Longitudinal study of vision and retinal nerve fiber layer thickness in multiple sclerosis

    ANNALS OF NEUROLOGY, Issue 6 2010
    Lauren S. Talman BA
    Objective Cross-sectional studies of optical coherence tomography (OCT) show that retinal nerve fiber layer (RNFL) thickness is reduced in multiple sclerosis (MS) and correlates with visual function. We determined how longitudinal changes in RNFL thickness relate to visual loss. We also examined patterns of RNFL thinning over time in MS eyes with and without a prior history of acute optic neuritis (ON). Methods Patients underwent OCT measurement of RNFL thickness at baseline and at 6-month intervals during a mean follow-up of 18 months at 3 centers. Low-contrast letter acuity (2.5%, 1.25% contrast) and visual acuity (VA) were assessed. Results Among 299 patients (593 eyes) with ,6 months follow-up, eyes with visual loss showed greater RNFL thinning compared to eyes with stable vision (low-contrast acuity, 2.5%: p < 0.001; VA: p = 0.005). RNFL thinning increased over time, with average losses of 2.9,m at 2 to 3 years and 6.1,m at 3 to 4.5 years (p < 0.001 vs 0.5,1-year follow-up interval). These patterns were observed for eyes with or without prior history of ON. Proportions of eyes with RNFL loss greater than test-retest variability (,6.6,m) increased from 11% at 0 to 1 year to 44% at 3 to 4.5 years (p < 0.001). Interpretation Progressive RNFL thinning occurs as a function of time in some patients with MS, even in the absence of ON, and is associated with clinically significant visual loss. These findings are consistent with subclinical axonal loss in the anterior visual pathway in MS, and support the use of OCT and low-contrast acuity as methods to evaluate the effectiveness of putative neuroprotection protocols. ANN NEUROL 2010;67:749,760 [source]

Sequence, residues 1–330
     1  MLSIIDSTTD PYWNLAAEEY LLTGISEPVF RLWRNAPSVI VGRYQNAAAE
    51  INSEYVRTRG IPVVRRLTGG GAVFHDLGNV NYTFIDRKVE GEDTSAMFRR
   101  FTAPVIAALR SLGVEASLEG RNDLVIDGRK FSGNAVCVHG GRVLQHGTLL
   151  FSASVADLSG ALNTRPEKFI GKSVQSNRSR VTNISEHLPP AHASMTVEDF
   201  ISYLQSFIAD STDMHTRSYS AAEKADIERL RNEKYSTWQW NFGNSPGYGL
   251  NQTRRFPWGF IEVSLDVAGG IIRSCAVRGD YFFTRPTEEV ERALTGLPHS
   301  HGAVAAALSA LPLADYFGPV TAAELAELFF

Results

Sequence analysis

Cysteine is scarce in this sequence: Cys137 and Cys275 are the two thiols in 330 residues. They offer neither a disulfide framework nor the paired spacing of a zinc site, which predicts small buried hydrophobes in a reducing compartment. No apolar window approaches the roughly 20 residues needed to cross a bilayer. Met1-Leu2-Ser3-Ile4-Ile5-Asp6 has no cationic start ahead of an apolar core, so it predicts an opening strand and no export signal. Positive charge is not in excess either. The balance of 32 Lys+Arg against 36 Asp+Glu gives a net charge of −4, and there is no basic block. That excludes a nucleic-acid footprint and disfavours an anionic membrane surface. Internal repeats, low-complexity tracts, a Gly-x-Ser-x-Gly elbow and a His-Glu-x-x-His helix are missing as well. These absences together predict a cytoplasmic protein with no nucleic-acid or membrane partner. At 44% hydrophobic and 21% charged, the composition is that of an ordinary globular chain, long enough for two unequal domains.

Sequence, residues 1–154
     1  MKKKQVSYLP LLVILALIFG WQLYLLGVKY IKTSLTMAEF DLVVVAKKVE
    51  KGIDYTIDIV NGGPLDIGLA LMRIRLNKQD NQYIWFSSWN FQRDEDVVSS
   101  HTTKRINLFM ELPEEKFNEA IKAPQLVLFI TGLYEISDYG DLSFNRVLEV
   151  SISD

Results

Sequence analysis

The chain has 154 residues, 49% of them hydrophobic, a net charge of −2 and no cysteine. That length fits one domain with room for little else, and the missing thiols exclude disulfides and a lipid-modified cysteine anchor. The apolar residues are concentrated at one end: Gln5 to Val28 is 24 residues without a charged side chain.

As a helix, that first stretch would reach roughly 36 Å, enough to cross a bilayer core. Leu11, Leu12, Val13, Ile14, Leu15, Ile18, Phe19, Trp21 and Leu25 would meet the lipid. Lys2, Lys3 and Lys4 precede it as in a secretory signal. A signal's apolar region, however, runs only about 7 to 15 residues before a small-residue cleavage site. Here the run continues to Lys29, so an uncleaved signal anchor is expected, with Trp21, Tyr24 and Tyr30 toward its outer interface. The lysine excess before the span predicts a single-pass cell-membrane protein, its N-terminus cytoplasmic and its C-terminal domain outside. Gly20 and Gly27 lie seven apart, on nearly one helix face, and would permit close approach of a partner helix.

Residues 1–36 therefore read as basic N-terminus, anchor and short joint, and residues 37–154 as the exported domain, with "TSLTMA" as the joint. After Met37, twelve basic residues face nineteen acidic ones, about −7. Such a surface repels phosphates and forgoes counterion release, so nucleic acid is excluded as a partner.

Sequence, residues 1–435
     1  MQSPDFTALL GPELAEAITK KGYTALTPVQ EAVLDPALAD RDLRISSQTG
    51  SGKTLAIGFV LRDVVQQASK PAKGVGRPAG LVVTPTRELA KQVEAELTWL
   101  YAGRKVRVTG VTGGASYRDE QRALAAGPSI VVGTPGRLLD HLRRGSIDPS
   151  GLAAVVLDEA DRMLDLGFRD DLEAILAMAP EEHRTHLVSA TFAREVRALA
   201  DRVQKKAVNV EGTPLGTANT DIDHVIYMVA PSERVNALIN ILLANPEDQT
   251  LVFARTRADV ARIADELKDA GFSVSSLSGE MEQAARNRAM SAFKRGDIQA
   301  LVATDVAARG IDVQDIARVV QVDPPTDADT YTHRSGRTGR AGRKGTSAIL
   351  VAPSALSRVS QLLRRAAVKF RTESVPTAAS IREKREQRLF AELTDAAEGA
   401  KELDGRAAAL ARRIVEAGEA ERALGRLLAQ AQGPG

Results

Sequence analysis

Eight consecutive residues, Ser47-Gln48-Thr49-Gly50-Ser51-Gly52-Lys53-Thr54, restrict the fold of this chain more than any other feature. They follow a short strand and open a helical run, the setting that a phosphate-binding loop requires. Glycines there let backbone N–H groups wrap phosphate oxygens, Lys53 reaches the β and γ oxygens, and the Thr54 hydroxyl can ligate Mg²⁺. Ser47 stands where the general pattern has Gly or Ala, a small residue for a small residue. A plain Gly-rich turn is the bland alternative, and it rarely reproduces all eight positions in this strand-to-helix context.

Axonal loss and myelin in early ON loss in postacute optic neuritis

    ANNALS OF NEUROLOGY, Issue 3 2008
    Alexander Klistorner PhD
    Objective To investigate the relation between retinal nerve fiber layer (RNFL) thickness and latency and amplitude of multifocal visual-evoked potentials (mfVEPs) in the postacute stage of optic neuritis in patients with early or possible multiple sclerosis. Method Thirty-two patients with clinical diagnosis of unilateral optic neuritis and magnetic resonance imaging lesions typical of demyelination and 25 control subjects underwent mfVEP and optical coherence tomography imaging. Results Although there was significant reduction of RNFL thickness in the affected eyes (18.7%), a considerably larger decrease was observed for the amplitude of the mfVEPs (39.8%). Latency of the mfVEPs was also significantly delayed in optic neuritis eyes. In fellow eyes, the amplitude of mfVEPs was significantly reduced and the latency prolonged, but RNFL thickness remained unaltered. RNFL thickness correlated highly with the mfVEP amplitude (r = 0.90). There was also strong correlation between optical coherence tomography measure of axonal loss and mfVEP latency (r = ,0.66). Interpretation Although our findings demonstrate strong associations between structural and functional measures of optic nerve integrity, the functional loss was more marked. This fact, together with amplitude and latency changes of the mfVEPs observed in clinically normal fellow eyes, may indicate greater sensitivity of mfVEPs in detecting optic nerve abnormality or the presence of widespread inflammation in the central nervous system, or both. The significant correlation of the mfVEP latency with RNFL thickness suggests a role for demyelination in promoting axonal loss. Ann Neurol 2008 [source]